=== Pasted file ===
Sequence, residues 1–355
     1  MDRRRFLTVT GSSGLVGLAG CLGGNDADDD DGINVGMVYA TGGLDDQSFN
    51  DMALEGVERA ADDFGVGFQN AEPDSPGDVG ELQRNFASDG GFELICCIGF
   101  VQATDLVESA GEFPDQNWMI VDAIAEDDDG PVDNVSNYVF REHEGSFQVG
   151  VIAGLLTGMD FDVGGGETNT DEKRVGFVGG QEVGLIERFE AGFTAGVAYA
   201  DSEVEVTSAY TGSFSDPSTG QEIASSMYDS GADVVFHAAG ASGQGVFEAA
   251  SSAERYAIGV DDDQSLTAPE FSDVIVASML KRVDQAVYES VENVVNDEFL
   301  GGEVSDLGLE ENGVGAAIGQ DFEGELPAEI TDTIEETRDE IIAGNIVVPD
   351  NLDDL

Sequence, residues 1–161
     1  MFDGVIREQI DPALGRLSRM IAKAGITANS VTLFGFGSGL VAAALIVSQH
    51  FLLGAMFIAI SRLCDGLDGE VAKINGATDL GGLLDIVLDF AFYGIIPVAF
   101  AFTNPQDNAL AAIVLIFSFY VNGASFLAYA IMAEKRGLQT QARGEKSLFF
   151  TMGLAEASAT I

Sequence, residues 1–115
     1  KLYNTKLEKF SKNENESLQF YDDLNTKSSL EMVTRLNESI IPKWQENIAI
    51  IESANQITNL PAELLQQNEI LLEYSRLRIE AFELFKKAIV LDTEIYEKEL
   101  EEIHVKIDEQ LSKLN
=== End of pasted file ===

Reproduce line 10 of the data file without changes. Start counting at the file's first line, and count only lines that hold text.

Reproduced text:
Sequence, residues 1–161